Diabetes often appears without much warning. A diagnosis can change and save your life if you manage the chronic condition appropriately.

November is Diabetes Awareness Month and LifeBrite Laboratories wants to help raise awareness of the condition as well as the importance of managing the disease. 

Approximately 1 in 10 people in the United States, or 30 million children and adults, have the chronic disease. Also, the American Diabetes Association says it’s a deadly national epidemic. Consider this: Diabetes causes more deaths each year than breast cancer and AIDS COMBINED!

The good news is that early diagnosis and proper diabetes control can reduce your risk of complications.

What causes diabetes?

When you eat, your body breaks down food and converts it into glucose that is released in your bloodstream. Then when your blood sugar increases, it triggers your pancreas to release insulin, which enables the body to use blood sugar as energy.

Diabetes affects how your body turns food into energy. 

A person with diabetes either doesn’t make enough insulin, or his or her body can’t properly use the insulin. If your body doesn’t make enough insulin or doesn’t respond to insulin, too much blood sugar can remain in your bloodstream. As a result, excess blood sugar can lead to heart disease, kidney disease, or even blindness.

Types of diabetes

There are three types of diabetes: Type 1, Type 2, and gestational.

Type 1 diabetes, which is inherited, is usually diagnosed in children. Unknown factors trigger the onset of the disease, but symptoms include nausea, vomiting, or stomach pains.

Type 2 diabetes can be caused by genetics or lifestyle factors. Symptoms can go unnoticed for years, but risk factors include:

  • Being overweight
  • Being 45 years or older
  • Having a parent, brother, or sister with Type 2 diabetes
  • Exercising fewer than three times a week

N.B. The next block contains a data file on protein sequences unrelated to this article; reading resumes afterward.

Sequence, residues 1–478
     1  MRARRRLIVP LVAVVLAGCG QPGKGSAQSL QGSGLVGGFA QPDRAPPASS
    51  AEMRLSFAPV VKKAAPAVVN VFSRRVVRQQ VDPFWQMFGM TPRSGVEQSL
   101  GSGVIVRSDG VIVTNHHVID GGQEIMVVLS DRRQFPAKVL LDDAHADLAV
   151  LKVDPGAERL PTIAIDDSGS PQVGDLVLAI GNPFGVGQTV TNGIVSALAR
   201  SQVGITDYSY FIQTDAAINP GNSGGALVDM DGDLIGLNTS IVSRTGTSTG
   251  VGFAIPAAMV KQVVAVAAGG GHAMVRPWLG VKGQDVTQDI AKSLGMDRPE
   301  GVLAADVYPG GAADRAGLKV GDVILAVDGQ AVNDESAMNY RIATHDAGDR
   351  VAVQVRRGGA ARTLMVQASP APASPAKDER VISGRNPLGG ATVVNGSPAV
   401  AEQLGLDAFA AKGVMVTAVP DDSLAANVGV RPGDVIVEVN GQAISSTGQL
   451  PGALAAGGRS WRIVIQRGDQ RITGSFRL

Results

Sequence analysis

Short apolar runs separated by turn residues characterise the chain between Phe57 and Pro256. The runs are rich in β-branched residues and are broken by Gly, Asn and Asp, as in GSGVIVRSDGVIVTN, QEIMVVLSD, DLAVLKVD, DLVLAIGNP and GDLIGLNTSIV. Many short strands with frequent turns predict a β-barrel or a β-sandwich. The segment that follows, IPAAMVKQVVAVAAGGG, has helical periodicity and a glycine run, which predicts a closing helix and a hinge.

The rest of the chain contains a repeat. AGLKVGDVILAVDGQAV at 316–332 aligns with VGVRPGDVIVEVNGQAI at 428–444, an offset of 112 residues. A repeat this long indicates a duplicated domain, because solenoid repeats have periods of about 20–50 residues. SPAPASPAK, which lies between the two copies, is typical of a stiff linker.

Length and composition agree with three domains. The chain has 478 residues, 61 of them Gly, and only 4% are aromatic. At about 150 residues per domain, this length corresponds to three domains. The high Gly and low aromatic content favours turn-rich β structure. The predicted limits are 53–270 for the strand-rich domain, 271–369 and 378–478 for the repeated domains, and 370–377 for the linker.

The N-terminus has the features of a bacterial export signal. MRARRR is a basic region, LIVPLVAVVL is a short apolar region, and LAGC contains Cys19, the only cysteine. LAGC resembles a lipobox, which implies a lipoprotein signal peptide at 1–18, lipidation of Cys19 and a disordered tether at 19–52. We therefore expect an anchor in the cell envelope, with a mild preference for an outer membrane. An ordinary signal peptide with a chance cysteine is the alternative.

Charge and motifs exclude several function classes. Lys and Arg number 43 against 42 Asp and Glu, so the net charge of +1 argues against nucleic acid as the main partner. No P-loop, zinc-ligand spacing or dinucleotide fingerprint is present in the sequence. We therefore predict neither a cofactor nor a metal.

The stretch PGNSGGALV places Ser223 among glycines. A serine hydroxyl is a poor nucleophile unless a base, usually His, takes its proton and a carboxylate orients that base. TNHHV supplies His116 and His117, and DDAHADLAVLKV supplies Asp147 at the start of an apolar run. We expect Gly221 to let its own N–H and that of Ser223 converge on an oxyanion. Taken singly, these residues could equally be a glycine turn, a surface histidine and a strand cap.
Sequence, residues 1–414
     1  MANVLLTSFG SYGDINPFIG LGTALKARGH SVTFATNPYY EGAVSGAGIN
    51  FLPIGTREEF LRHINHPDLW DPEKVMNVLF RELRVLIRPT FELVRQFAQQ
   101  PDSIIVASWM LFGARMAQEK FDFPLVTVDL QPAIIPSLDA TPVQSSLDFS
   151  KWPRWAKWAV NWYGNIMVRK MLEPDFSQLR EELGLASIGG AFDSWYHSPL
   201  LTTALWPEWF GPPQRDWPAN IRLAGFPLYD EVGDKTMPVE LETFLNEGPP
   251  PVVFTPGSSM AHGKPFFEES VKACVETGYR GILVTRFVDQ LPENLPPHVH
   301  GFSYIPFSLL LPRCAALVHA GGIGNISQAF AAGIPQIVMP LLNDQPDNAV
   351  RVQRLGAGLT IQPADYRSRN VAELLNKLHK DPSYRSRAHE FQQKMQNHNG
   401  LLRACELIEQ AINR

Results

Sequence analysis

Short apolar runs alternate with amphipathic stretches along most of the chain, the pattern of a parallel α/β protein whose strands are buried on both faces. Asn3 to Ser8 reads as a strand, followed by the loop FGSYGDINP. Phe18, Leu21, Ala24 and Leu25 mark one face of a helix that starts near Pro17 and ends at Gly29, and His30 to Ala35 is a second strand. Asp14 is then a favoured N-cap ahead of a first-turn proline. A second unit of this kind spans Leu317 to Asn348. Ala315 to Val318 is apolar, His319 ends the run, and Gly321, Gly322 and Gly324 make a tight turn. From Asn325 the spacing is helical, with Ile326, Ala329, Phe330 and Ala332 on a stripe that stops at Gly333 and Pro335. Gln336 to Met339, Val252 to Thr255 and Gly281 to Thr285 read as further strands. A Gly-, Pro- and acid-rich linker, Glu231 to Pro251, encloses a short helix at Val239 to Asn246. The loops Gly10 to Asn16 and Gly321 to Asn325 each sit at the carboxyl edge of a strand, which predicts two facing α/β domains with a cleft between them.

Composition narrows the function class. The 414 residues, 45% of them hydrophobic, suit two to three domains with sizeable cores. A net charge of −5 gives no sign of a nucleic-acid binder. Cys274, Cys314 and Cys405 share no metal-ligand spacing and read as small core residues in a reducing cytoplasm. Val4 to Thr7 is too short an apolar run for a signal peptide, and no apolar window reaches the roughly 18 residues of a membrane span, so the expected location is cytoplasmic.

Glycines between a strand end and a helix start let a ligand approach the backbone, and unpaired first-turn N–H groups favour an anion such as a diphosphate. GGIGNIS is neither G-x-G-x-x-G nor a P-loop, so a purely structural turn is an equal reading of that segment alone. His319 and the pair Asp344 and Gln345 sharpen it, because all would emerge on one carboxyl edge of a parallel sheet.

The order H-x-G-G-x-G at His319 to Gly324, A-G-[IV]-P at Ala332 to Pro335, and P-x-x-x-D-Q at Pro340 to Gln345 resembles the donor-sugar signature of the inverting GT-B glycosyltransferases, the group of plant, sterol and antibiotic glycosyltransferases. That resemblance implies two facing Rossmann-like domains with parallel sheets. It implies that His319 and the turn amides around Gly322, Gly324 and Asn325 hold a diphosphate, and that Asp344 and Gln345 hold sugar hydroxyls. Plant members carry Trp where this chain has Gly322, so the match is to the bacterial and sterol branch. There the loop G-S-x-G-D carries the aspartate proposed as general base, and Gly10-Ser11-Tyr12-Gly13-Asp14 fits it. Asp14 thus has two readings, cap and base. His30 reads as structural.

• Giving birth to a baby who weighed more than 9 pounds
  • Being African American, Hispanic/Latino American, American Indian, or Alaska Native

Gestational diabetes develops in pregnant women who have never had diabetes. It typically goes away after the baby is born. However, it increases the mother’s risk of Type 2 diabetes later in life.

Diagnosing and managing diabetes

Physicians can diagnose diabetes with several blood tests offered by LifeBrite Labs, including:

  • A1C test  measures your average blood sugar level over the past two or three months. An A1C below 5.7 percent is normal.
  • Fasting blood sugar test measures blood sugar in the morning after eating nothing and drinking nothing but water since your evening meal. A fasting blood sugar level of 99 mg/dL or lower is normal.
  • Glucose tolerance test typically lasts half a day. Your doctor will draw blood to measure glucose after an overnight fast. Then you will drink a liquid containing glucose. Your doctor will take blood samples one hour, two hours, and possibly three hours afterward. At two hours, a blood sugar level of 140 mg/dL or lower is considered normal.

Diagnosing and managing diabetes is necessary to avoid  the disease’s deadly complications. For instance, heart disease kills  more people with diabetes than any other condition, according to the Centers for Disease Control. Diabetes can also lead to nerve damage throughout your body and chronic kidney disease.

Protecting your kidneys

“An important urine test in diabetes to access early renal disease is microalbumin,” said LifeBrite Labs Director Dr. Steven Lobel. “As diabetes begins to cause renal pathology, the kidneys begin to lose albumin into the urine in small quantities not detectable by normal ‘dipstick’ tests. Special dipsticks may give an indication of very low levels of albumin in the urine but highly sensitive laboratory procedures can more adequately quantitate the amount of albumin.”

“Earlier detection means that additional diabetic regulation may be enforced to prevent continued renal pathology,” said Dr. Lobel. Albumin is tested annually if the initial test is negative, he said. A physician will typically check albumin two times in three to six months if the initial test is positive. 

In addition to microalbumin, a person diagnosed with diabetes should also be screened annually for lipid disorders to help protect the heart, Dr. Lobel said.

Understandably, many people feel overwhelmed after receiving a diabetes diagnosis. But you can manage the disease through a balanced diet, an active lifestyle, and medication. Learn more about diabetes and ways to manage it from the American Diabetes Association.

If you have questions about LifeBrite’s menu of urine and blood testing services, contact us.

Atlanta-based LifeBrite, led by CEO Christian Fletcher, operates LifeBrite Hospital Group, Community Hospital of Early, and LifeBrite Community Hospital of Stokes. To learn more about LifeBrite Laboratories, visit our homepage.